When I was working in sales and management in the television sales industry, every day every salesperson received a full set of avails telling them how many spots were available by program and daypart for the next 13 weeks. It was a seller’s responsibility to know what was available for sale so they could effectively and reliably communicate with their advertisers and buyers about what was available for purchase for pending business. A sales manager was, of course, guiding the team as to pricing throughout.
There were pretty serious ramifications if inventory status wasn’t clearly and concisely communicated on a regular basis. The last thing a salesperson wanted to do was sell something they didn’t have. This, as you can imagine could cause a lot of trouble, especially on the agency side, since before any buy was put in place, it had to be put together and submitted to the agency’s client for approval. If the buyer then sent the order only to find out that the inventory was unavailable, the conversation didn’t go well. Needless to say, this was never a position a buyer, seller or station wanted to be in.
By getting inventory updates each day a seller could not only avoid this mess, they learned about the ebbs and flows of inventory – how it moved seasonally and during political season, during holidays or slow parts of the year. They learned lessons about yield management and how to make sure the inventory was fully utilized in their day-to- day sales efforts.
However, when I moved into radio sales, I was surprised to learn that, in some places, this information wasn’t shared with sellers. Salespeople were told by management, “Keep selling and I’ll tell you when to stop.” There were as-needed communications and meetings about what was available and what wasn’t. We sellers just assumed that everything was available and for sale and kept selling that way!
I understand that philosophy to some degree. First of all, in television, there is limited inventory within a particular program, whereas there can be some flexibility in radio. Also, as a sales manager it’s up to you to monitor and manage inventory and not to add that burden to the salesperson’s work day. Their job is to sell and they need to focus on that.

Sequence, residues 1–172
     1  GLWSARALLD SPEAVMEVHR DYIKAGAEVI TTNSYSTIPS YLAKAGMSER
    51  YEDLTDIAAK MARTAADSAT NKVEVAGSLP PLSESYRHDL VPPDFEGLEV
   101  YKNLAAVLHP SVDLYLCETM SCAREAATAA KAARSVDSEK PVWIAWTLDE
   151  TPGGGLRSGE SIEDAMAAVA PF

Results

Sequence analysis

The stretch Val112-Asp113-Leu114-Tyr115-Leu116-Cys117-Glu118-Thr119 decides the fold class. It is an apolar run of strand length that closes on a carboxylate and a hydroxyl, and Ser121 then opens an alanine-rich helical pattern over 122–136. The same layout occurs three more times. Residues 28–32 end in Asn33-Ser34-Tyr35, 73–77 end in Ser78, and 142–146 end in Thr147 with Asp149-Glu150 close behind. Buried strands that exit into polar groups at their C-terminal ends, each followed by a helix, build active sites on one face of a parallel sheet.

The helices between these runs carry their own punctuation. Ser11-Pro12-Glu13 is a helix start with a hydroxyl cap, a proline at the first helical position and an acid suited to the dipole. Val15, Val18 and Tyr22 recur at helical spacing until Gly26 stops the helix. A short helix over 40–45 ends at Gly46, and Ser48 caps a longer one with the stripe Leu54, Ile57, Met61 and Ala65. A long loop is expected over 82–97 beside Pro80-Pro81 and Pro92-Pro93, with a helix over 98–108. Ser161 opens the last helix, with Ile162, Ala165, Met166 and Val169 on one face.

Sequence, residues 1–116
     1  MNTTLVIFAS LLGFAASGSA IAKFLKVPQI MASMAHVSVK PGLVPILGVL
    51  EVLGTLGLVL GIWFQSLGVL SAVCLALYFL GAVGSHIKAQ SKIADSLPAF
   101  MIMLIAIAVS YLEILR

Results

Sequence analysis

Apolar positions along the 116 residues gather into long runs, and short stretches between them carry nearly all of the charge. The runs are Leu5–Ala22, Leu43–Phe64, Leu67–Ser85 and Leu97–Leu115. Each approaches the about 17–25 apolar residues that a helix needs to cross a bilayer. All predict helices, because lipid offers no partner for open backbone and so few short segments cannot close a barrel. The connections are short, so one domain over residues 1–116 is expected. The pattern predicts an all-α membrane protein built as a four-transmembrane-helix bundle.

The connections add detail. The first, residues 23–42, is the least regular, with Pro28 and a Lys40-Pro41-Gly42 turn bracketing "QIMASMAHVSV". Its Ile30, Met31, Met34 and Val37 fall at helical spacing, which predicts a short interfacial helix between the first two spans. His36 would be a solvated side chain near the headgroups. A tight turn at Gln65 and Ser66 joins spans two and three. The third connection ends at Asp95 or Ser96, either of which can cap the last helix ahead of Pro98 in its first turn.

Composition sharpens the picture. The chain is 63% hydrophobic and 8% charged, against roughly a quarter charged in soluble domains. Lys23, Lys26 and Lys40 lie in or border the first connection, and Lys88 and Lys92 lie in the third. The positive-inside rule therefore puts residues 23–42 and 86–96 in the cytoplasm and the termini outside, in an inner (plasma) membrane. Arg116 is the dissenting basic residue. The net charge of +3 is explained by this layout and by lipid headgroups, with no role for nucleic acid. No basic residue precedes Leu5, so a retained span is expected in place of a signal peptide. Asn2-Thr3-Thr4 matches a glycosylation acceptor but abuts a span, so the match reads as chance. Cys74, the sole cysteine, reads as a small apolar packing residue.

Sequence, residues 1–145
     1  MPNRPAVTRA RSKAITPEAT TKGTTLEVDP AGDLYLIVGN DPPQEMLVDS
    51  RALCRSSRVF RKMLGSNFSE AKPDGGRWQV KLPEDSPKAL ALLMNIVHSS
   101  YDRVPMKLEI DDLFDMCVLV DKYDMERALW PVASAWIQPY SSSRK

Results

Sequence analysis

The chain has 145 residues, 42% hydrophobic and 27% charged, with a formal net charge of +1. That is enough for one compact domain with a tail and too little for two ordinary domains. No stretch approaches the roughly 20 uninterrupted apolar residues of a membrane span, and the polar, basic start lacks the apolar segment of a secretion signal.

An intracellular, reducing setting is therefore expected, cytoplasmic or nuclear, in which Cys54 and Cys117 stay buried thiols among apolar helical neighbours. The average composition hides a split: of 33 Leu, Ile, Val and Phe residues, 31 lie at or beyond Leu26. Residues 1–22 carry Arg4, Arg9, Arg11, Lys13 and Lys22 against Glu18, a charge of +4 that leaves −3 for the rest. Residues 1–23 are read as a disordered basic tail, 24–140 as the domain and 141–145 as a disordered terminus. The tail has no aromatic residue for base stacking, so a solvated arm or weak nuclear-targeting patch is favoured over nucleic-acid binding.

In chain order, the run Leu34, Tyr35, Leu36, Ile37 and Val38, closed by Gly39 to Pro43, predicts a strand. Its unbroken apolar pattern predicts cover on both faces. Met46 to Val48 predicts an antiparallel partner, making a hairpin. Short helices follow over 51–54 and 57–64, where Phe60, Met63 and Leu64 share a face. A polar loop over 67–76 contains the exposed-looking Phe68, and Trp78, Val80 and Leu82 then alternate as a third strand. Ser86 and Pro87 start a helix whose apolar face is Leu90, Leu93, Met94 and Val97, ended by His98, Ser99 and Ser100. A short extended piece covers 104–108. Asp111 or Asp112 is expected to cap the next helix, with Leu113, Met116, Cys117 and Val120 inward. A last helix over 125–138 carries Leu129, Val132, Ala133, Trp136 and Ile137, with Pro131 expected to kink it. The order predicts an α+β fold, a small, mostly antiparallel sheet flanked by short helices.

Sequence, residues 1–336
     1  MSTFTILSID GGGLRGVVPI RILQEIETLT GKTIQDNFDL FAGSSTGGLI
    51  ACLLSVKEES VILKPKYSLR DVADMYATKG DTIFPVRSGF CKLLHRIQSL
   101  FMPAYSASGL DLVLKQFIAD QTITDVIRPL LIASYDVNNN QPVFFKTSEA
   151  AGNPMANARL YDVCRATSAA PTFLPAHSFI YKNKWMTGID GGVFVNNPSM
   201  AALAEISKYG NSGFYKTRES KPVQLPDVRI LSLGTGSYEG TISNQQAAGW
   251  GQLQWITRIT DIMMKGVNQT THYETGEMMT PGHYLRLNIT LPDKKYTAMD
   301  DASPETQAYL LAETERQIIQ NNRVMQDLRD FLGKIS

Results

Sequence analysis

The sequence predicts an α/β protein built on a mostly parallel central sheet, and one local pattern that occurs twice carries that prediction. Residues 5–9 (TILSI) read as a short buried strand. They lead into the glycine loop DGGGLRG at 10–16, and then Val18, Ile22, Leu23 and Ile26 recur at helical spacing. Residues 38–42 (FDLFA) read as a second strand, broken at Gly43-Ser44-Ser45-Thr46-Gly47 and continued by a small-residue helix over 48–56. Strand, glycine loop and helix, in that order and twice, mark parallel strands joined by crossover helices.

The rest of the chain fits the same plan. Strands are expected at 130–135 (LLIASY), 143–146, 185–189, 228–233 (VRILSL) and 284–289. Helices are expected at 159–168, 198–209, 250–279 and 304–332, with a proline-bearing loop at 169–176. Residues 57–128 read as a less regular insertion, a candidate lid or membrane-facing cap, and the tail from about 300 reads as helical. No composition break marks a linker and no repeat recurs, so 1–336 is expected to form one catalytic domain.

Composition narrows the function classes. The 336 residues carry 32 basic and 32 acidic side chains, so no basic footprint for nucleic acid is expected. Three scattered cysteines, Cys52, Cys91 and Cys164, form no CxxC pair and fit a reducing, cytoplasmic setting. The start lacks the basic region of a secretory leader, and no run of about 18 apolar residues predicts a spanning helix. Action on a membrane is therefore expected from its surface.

I think that this approach does not allow sellers to gain the benefits of learning about managing inventory. They won’t have a sense for the ebbs and flows, and they won’t understand why they need to price inventory a certain way.
Consider the potential positives that come from keeping sellers informed about the details of the station inventory. They can use special opportunities to package at times when there is a lot of remaining inventory. Conversely, they will get a higher price for programming areas when inventory is getting tight or near sellout.
By having access to inventory available, they will also learn to determine if there is enough left for them – and the station – to make budgets. If not, they will learn to be more creative and/or stronger in their proposed solutions for their clients.
Perhaps some managers have resisted keeping their sellers informed of available inventory because it wasn’t easy. Reports had to be pulled by the traffic system, they were in Excel spreadsheets and data just weren’t easy to access. As logs were massaged for the upcoming week, things changed, but those static spreadsheets didn’t.
But today there are yield tools and software that can give sellers updated inventory information daily. These tools make it so easy for the sellers to check inventory and pricing that the heat is off the traffic director or sales manager.
There are clearly multiple points of view on allowing sellers to have access to inventory, and sales managers need to do what they feel is best for their staff and stations. What’s your perspective on this? How does this work at your station/s and what’s the benefit or down side in your experience?